Home-grown solutions critical to reviving our flagging education sector
By Macharia Munene
| November 8th 2021
There are worrying trends that commoditise education instead of making it an instrument of advancement and protection of national interests. Right from the colonial times in Kenya, education reviews and reforms have had one theme in common. Each starts by condemning the existing system as too theoretical, impractical, and of failing to inculcate required skills for society or industry. Reform proponents then propose the same solutions.
They emphasise teaching such technical and practical skills as welding, carpentry, plumbing, mechanics, assorted farming methods, housekeeping, bookkeeping, rope making, and even cooking. Lost in the regular reforms and stress on the practical is the critical thinking aspect which humanities, especially history and philosophy, provide. Is the purpose of education to produce human robots or to empower potential defenders of the society’s values, identity, and collective interests? In the colonial days, the logic of condemning thinking made sense because it was official policy that natives had no business thinking or making policy.
Imported from Tuskegee, Alabama, USA, the policy of suppressing thinking subjects was a control mechanism to keep blacks and natives subservient to white supremacy in the American South and in colonised Africa. In colonial Kenya, Harry Thuku’s ability to challenge inconsistencies between professed ideals and the actual practice implied that he had received the wrong education. To stop the rise of other Thuku-like natives explains the Phelps Stoke Commission that recommended importing the Tuskegee educational slave mentality to Kenya. That mentality of discouraging thinking and ability to question remained largely intact in postcolonial Kenya. There was a brief period when the University of East Africa, which fragmented into Makerere, Nairobi, and Dar es Salaam, was vibrant in knowledge creation, production, and intellectual adventurism in all fields of knowledge.
There was funding and facilities to both faculty and students as they sought to decolonise knowledge. The vibrancy in the university disappeared in the late 1970s and 1980s as the world adjusted to two global forces. First were the OPEC and Yom Kippur War-induced oil shocks that disrupted the world economy. Second were Cold War disappointments in the West that paved way for country and institutional leadership that was hostile to African countries. The empowered IMF and World Bank imposed cost-cutting and cost-sharing in the Third World called Structural Adjustment Programmes (SAPs). The SAPs hit the education sector hard with the university sliding into a pale shadow of its former self. African universities then started outsourcing knowledge about themselves from sponsored experts in Europe and North America. Such 'experts’, as columnists and ‘respected’ commentators, became advisors and opinion shapers on local socio-political issues. The downgrading of universities took many forms. Presently universities are closing down due to cronyism, have little value for professors as custodians of knowledge, and lack chancellors.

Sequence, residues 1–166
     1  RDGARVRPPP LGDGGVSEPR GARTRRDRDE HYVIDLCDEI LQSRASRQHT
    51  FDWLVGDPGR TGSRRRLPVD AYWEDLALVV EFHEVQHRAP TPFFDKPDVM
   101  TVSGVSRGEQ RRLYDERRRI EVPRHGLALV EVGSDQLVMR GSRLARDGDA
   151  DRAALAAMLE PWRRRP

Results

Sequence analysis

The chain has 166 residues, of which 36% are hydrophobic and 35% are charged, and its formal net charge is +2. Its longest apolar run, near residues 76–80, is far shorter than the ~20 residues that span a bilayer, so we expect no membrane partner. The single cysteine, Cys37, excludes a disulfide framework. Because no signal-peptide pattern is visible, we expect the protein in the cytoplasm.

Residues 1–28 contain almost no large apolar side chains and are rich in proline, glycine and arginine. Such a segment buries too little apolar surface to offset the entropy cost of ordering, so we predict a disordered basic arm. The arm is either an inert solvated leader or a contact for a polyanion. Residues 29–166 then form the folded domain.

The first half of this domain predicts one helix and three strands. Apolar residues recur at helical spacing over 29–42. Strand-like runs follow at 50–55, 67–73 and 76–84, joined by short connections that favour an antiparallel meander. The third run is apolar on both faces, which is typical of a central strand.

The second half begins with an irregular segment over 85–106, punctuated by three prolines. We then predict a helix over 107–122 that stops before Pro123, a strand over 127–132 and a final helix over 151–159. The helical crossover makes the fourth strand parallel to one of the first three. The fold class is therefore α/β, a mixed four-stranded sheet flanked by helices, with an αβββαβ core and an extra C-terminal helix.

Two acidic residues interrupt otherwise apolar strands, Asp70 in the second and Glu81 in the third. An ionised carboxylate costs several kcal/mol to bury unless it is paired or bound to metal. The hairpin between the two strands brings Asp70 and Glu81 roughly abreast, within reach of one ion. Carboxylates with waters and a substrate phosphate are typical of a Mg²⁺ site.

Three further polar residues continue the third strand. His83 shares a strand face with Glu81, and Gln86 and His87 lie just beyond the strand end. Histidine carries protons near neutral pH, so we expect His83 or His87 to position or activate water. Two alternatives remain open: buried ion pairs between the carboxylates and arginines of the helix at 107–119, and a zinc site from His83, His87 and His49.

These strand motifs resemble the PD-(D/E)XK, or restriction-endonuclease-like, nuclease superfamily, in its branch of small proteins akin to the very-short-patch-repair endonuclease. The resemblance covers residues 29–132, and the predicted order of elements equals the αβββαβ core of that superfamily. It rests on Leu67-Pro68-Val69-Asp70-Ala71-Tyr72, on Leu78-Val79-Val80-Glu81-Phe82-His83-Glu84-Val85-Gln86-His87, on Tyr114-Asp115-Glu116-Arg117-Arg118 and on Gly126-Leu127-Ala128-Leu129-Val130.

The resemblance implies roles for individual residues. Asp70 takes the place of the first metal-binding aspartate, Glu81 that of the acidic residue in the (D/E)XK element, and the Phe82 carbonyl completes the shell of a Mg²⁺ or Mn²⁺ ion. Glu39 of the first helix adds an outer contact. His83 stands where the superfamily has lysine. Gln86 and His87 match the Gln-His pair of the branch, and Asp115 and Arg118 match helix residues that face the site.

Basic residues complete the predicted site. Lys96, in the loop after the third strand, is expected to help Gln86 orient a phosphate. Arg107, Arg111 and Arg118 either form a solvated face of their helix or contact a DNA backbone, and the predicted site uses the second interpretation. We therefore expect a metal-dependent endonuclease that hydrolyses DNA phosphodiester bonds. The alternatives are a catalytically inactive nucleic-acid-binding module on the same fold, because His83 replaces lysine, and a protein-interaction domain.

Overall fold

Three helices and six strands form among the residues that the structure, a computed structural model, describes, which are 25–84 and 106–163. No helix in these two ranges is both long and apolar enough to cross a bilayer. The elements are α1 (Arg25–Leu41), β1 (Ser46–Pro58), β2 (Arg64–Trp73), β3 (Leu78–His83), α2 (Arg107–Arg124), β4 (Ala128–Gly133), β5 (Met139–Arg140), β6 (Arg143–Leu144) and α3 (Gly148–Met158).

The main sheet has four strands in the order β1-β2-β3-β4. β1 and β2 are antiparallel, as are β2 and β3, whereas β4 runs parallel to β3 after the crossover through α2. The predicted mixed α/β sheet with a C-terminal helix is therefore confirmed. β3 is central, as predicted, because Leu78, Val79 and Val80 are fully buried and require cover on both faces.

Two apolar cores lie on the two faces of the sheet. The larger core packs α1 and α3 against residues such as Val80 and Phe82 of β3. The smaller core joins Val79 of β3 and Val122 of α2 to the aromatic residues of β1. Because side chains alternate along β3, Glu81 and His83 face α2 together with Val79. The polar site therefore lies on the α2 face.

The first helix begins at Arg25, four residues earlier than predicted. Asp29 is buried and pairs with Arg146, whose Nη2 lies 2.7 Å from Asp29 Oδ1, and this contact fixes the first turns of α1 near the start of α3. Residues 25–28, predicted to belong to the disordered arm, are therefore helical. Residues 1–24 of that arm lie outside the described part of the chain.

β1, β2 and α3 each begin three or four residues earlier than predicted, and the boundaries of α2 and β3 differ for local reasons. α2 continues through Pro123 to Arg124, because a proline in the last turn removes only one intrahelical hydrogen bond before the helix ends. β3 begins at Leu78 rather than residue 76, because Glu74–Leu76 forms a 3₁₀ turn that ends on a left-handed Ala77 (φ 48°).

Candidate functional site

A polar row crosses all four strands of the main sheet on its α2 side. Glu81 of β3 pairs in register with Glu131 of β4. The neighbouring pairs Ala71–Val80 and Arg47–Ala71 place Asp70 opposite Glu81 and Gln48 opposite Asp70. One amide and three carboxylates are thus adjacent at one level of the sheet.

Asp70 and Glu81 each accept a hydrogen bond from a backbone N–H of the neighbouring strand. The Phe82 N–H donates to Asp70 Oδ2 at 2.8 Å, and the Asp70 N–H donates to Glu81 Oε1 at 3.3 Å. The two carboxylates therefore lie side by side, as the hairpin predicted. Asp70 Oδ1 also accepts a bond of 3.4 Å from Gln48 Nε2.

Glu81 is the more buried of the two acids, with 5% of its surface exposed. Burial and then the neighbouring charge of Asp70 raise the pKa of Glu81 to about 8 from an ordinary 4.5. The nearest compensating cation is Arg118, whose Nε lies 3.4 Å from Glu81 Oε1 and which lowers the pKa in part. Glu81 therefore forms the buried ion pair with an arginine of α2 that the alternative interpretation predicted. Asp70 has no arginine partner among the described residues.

Kenya needs an education attitudinal overhaul to protect Kenyan identity and national interests. When three postcolonial ministers for education made disparaging comments about history, they discouraged critical thinking and ability to raise questions. This might explain outsourcing of opinions/advice on matters of national interests. The existence of two curriculum systems, one foreign-oriented for the elite in expensive schools and the other locally based for the regulars in many schools without appropriate facilities, implies lack of coherence or focused uniformity in educational thinking. One of the ironies of the lack of coherence is that policymakers tend to be products of the foreign-oriented curriculum that does not encourage students to internalise Kenyan values and interests.
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